Downtown Vancouver to Victoria high-speed commuter ferry to launch in 2018

Mar 2 2017, 2:53 am

A major competing service to the existing ferry routes that connect the Lower Mainland with British Columbia’s capital region will be launched in the spring of 2018.

The company that operates the existing Victoria Clipper to Seattle confirmed today it will launch a new high-speed passenger ferry service between downtown Vancouver and Victoria Inner Harbour in spring 2018.

Unlike another new planned service designed for tourists that was announced two weeks ago, the Clipper’s new route is targeted for a larger market that includes commuters, with more economical pricing.

Clipper plans to utilize a 52-metre-long high-speed catamaran vessel named the Halunder Jet from its parent company FRS.

The vessel was custom built in 2003 for FRS’ operations between Hamburg and Heligoland in Germany and has operated in rough sea conditions similar to the Strait of Georgia.

It uses a motion dampening system to help prevent motion sickness, providing passengers with a more comfortable ride.

Biggest catamaran operating in Pacific Northwest

With seats for 570 passengers, the vessel’s capacity is significantly largely than other existing or future catamarans operating in the Pacific Northwest.

It will seat 324 more passengers than the largest vessel in the existing Clipper fleet and 316 more passengers than V2V Vacations’ luxury ferry service along the same route, which launches on May 1, 2017.

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Clipper spokesperson Scott Meis told Daily Hive the newly acquired vessel will have a travelling speed of up to 36 knots (67 km/hr), although the final operating speed will be determined by Transport Canada.

Each one-way trip will be approximately three hours, making the trip about 30 minutes faster than the alternate and more expensive V2V Vacations service.

This is also slightly shorter than the travel times of BC Ferries’ Tsawwassen-Swartz Bay route when including road travel times between the terminals and city centres.

Prior to service, the Halunder Jet will be renovated to the specifications utilized by Clipper and reflagged for its new operation.

“Clipper has been committed to ensuring that we have the right vessel for this route,” said Clipper CEO Tobias Haack. “For more than 30 years we have safely and reliably operated ferry services around the Salish Sea, and we know that customer comfort is again paramount for our new Vancouver to Victoria route.”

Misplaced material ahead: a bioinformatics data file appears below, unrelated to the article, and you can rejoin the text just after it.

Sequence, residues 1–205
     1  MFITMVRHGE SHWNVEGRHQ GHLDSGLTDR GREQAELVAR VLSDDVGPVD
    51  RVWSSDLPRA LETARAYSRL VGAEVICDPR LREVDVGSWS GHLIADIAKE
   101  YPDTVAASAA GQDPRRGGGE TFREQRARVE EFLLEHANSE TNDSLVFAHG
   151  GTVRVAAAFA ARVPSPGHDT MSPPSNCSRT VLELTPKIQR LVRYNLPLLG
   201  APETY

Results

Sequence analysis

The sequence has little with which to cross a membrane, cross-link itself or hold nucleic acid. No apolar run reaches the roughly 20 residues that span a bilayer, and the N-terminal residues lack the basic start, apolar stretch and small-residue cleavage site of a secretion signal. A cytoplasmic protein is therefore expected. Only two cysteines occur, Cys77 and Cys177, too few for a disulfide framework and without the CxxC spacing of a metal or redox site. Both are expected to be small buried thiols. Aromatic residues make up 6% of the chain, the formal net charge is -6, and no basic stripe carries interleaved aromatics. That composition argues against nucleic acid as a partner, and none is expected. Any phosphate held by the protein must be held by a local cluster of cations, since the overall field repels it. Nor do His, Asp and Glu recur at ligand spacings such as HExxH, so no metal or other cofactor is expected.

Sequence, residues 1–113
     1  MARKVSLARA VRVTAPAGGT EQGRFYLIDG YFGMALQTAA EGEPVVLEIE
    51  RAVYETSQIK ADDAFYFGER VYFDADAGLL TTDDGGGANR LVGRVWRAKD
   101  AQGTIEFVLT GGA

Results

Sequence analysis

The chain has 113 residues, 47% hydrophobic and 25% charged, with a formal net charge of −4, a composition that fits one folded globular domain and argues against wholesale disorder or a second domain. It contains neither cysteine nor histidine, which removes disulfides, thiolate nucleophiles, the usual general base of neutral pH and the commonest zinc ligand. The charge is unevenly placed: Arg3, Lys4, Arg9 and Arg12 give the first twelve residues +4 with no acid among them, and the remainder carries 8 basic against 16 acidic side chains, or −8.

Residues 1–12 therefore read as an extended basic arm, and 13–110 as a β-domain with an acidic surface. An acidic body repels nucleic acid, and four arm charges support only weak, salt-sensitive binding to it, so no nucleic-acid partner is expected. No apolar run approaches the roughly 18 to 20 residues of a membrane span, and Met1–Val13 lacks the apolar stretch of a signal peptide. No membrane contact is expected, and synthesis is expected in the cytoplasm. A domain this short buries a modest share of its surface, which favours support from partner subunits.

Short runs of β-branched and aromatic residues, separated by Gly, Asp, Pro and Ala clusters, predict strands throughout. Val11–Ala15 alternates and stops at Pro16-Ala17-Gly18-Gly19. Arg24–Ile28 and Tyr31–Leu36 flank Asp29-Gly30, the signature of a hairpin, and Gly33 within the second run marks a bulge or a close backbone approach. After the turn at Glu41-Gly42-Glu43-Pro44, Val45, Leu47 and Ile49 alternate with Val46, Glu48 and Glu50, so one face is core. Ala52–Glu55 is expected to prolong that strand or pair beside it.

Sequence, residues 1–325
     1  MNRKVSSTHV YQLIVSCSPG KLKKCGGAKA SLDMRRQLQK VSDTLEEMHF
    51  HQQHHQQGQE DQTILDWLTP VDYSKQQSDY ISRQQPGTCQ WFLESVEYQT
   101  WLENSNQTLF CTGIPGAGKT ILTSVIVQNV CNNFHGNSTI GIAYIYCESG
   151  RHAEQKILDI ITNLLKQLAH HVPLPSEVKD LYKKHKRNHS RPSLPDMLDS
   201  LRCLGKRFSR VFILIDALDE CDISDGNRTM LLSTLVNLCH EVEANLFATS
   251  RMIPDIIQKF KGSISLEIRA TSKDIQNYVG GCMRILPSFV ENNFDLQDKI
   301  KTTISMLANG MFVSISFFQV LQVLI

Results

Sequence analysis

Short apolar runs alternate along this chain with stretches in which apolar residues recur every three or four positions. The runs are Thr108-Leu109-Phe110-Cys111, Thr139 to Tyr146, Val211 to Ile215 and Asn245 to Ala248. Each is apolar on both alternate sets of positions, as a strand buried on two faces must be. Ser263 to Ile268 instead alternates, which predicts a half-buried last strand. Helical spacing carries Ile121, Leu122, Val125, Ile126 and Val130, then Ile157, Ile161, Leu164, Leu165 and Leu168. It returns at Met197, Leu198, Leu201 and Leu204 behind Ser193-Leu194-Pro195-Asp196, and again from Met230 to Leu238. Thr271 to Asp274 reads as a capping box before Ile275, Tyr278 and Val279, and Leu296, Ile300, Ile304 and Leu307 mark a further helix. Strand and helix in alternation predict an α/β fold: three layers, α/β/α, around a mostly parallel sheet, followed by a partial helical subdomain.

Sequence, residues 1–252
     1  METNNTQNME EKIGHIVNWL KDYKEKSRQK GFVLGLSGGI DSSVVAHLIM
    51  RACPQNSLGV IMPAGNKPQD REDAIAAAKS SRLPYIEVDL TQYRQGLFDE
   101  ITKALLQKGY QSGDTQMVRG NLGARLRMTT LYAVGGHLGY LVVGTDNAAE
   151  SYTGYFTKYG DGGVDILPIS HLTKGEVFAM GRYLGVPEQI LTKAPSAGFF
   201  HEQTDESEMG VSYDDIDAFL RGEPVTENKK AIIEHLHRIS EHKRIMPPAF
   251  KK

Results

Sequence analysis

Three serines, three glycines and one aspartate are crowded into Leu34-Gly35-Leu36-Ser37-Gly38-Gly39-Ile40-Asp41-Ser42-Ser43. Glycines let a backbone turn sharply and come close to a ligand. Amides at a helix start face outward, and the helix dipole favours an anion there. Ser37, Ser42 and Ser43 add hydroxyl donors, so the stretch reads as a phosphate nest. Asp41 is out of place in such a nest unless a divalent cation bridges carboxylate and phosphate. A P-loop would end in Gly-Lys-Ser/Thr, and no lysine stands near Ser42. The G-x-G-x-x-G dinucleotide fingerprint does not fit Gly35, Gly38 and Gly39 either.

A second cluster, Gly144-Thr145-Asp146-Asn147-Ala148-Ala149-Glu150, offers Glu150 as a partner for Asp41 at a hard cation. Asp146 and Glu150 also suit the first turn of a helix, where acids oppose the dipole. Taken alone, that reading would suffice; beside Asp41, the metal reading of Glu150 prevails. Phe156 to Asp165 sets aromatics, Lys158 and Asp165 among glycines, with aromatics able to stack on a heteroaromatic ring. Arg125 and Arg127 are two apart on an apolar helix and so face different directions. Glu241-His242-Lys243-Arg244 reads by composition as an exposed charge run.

“Halunder Jet is the perfect addition to the Clipper fleet and aligns with our high standards for customer service. We could not be more excited to launch this new operation with our longstanding tourism partners in Victoria, Vancouver and across the Pacific Northwest.”

Two other services planned

V2V Vacations will dock at the CPR Steamship Terminal Building just outside the BC Legislature in Victoria and in Vancouver, at the Harbour Flight Centre at the Vancouver Convention Centre.

Meanwhile, the Clipper service will use its existing Belleville facility in Victoria – just one block west of the Steamship Terminal in the Inner Harbour. Clipper’s dock location in downtown Vancouver has not been made public.

A third high-speed passenger service from the mainland to the island, from downtown Vancouver to Nanaimo, could commence in the next two years.

Victoria-based Island Ferry Services was recently selected as the preferred operator of the new route, which would make one-way trips in just 68 minutes.

These three services are the latest efforts to launch a high-speed ferry service between Vancouver and Victoria, after a number of failed services over the past three decades.

However, there will be much more demand for such services this time, given that there has been significant regional population growth, densification in downtown Vancouver, growth in the workforce and tourism, and improved transit services like the SkyTrain Canada Line, within walking distance of potential downtown ferry terminals.

Interior of the catamaran ferry for the new service. (Victoria Clipper)

Kenneth ChanKenneth Chan

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